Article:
The Bay Area housing crisis is getting worse so quickly, we barely have time to react. Locally, Berkeley rents are up over 30% year over year, and the median home price is now over $1 million. A recent analysis said that to comfortably cover your housing costs in Berkeley requires an annual income of $119,014. And on campus things are getting desperate for students, and increasingly faculty and staff too.

Throughout the Bay Area low-income families are getting crushed, and subsidized housing programs are being overwhelmed by need. Working families are facing increasingly brutal commutes from the Central Valley, or in extreme cases living in garages. Things have gotten so bad that even the people who work at the nonprofits that help house low-income families can’t afford to stay.

Now for the really bad news. This is our fault. For decades, you and I have made it illegal to build the housing that our community needs.

Zoning laws feel like the air we breathe – invisible, ubiquitous, almost a natural part of our environment. With the country’s first comprehensive zoning law turning 100 years old next year, it’s a good time to reflect on what are arguably the most powerful laws we control at the local level.

The zoning movement in the US was driven heavily by communities trying to protect property values and exclude minorities and immigrants, in the face of rapid urbanization. ”The Racial Origins of Zoning in American Cities” documents how zoning created the legal framework for segregation. Many early zoning laws were explicitly racist, including in California where early zoning laws directly targeted Chinese laundries.

The zoning movement has succeeded as planned. Researchers have found overwhelming evidence that the stricter a region’s zoning laws, the more segregated it is likely to be. This largely flows from rules that favor single-family homes and restrict the development of lower-cost, high density housing.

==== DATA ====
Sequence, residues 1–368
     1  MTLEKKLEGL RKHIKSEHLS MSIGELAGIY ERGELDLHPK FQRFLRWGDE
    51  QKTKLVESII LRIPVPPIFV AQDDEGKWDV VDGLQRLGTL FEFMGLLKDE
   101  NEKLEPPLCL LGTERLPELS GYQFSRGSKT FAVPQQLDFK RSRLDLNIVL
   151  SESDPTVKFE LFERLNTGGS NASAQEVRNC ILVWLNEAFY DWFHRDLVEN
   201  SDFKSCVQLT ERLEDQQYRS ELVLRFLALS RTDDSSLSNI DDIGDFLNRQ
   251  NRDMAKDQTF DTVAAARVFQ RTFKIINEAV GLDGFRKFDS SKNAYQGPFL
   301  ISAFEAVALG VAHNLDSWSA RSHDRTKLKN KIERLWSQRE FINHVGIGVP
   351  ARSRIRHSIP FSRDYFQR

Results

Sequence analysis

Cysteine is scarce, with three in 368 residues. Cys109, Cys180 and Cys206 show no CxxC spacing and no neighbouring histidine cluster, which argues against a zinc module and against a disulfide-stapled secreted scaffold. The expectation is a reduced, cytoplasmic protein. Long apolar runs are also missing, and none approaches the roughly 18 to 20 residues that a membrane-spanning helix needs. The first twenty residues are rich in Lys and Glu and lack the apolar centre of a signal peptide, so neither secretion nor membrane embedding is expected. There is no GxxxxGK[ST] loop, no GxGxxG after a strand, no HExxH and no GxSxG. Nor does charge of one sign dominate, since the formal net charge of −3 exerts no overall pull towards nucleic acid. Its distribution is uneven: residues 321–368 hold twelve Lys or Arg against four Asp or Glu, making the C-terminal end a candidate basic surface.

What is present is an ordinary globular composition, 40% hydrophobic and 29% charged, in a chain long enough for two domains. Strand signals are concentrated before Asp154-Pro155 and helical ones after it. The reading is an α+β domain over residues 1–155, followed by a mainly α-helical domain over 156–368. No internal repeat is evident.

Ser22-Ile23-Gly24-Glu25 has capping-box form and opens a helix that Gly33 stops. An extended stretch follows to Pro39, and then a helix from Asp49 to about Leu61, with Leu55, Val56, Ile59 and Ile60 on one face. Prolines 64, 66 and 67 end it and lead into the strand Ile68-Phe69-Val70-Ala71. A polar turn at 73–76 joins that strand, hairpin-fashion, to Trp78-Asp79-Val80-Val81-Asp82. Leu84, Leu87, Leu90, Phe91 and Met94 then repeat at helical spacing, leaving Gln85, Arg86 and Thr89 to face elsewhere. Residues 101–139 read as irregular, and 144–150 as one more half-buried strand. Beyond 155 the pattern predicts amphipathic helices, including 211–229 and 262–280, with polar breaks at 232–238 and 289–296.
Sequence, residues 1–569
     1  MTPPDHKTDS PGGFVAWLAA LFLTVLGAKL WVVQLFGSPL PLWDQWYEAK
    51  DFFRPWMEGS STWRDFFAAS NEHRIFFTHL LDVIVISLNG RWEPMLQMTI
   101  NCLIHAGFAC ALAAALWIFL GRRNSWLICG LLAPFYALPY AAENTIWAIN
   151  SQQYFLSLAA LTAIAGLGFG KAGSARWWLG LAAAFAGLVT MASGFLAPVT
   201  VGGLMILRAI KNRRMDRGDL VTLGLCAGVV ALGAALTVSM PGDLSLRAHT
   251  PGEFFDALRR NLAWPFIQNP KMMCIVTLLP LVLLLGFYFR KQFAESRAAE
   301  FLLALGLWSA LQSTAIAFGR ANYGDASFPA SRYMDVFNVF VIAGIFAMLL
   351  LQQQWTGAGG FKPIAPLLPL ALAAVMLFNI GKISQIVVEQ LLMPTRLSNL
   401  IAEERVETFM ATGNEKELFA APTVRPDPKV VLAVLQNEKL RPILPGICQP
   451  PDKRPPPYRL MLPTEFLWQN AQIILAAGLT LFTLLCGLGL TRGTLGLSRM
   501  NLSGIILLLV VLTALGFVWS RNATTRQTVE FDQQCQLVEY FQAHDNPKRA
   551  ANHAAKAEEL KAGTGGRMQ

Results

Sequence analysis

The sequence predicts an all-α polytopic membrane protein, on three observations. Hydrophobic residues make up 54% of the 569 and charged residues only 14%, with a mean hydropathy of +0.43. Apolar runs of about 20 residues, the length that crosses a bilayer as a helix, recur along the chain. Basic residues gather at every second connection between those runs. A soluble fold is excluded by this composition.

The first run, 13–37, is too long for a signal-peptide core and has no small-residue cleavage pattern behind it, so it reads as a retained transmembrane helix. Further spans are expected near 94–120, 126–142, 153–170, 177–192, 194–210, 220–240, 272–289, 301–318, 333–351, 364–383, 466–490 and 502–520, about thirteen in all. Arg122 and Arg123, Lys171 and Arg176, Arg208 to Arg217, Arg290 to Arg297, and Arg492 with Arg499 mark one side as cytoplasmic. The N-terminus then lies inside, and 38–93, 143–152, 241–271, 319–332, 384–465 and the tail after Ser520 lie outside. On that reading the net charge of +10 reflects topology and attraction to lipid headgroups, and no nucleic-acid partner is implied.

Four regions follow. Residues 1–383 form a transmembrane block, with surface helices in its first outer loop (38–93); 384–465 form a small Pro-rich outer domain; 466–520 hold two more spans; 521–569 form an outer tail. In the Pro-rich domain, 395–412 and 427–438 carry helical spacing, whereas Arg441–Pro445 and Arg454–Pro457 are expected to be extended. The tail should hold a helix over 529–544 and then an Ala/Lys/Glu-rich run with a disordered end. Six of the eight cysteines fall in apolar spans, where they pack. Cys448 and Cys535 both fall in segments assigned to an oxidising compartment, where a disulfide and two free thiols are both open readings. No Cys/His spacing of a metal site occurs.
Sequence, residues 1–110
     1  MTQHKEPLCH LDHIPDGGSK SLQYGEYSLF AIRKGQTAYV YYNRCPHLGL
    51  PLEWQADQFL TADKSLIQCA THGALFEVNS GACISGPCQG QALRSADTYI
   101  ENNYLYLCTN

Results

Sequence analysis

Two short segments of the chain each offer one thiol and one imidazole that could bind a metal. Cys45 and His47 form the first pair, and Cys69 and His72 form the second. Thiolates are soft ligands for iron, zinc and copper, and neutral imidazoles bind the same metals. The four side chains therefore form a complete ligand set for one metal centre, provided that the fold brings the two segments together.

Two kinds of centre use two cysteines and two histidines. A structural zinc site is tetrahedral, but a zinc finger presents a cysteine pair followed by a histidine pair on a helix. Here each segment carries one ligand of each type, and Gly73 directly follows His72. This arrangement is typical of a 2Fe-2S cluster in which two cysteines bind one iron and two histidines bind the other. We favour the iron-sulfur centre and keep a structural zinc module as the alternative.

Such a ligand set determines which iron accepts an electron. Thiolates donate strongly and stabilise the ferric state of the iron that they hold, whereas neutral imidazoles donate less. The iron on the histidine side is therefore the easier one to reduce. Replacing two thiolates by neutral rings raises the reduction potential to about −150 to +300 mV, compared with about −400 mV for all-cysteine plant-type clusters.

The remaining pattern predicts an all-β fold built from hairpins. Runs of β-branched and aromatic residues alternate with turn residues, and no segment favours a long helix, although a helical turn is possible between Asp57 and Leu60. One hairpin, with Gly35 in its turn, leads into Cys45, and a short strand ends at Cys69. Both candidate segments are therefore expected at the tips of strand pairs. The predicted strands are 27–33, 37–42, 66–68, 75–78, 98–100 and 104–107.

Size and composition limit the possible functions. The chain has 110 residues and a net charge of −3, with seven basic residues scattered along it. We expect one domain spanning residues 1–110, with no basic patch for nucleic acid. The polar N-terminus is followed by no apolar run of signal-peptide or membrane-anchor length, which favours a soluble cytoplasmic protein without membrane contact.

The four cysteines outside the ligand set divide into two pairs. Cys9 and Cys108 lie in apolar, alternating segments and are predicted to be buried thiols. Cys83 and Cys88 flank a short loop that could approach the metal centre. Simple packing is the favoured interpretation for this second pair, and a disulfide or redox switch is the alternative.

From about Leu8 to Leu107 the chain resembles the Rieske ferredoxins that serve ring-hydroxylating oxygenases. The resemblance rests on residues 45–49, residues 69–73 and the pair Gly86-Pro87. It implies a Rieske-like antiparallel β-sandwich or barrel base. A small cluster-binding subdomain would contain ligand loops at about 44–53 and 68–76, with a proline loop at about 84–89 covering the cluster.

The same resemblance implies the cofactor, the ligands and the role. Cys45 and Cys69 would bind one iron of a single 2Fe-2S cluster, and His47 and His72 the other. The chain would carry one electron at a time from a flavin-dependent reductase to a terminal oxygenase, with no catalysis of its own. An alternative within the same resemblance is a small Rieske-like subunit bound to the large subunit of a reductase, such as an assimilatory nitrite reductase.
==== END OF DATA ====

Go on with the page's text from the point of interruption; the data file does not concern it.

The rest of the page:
The data on restrictive zoning and cost is equally unambiguous in showing that zoning and other land use controls are heavily responsible for high housing prices. This should not surprise anyone familiar with the fundamental principles of economics – restricting supply of something makes prices go up.

But the politics are tricky, particularly in places like Berkeley – we are used to thinking that anyone arguing that we have “too much regulation” just wants to advance an agenda that goes against the interests of low-income working people. But with zoning we’re talking about regulations that significantly increase inequality, since restricting the supply of housing transfers wealth from renters to owners.

Now for the good news. Leading liberal voices like Paul Krugman are starting to speak out and helping people understand that zoning liberalization is, well, liberal. And because zoning laws are local, we have tremendous power in our own community to make a huge difference. We can loosen zoning restrictions in a way that is consistent with our values, and in the process serve as a model for the rest of the Bay Area. In our uniquely messy Berkeley way we are starting to figure this out. The recent approval of 2211 Harold Way, which will create over 300 units of badly needed, transit-oriented housing, plus funding to support an additional 100 units of subsidized housing for low-income renters, is a triumph of progressive zoning reform, and our friends in Oakland are taking note.

We have the opportunity to get these wins throughout the City if we collectively make it a priority and build on the downtown model – upzoning for high density housing near public transportation with strong affordable housing requirements. In the meantime, we are all complicit in a housing crisis driven heavily by our zoning laws, that our City representatives create and enforce on our behalf every day. Which means we are all complicit in the increasing suffering our housing crisis is causing. As the famous Howard Zinn quote goes, you can’t be neutral on a moving train.

Berkeleyside welcomes submissions of op-ed articles. We ask that we are given first refusal to publish. Topics should be Berkeley-related, local authors are preferred, and we don’t publish anonymous pieces. Email submissions, as Word documents or embedded in the email, to The recommended length is 500-800 words. Please include your name and a one-line bio that includes full, relevant disclosures. Berkeleyside will publish op-ed pieces at its discretion.

Zach Franklin lives in South Berkeley with his family, and has a degree in economics and history and a professional background in affordable housing.
Zach Franklin lives in South Berkeley with his family, and has a degree in economics and history and a professional background in affordable housing.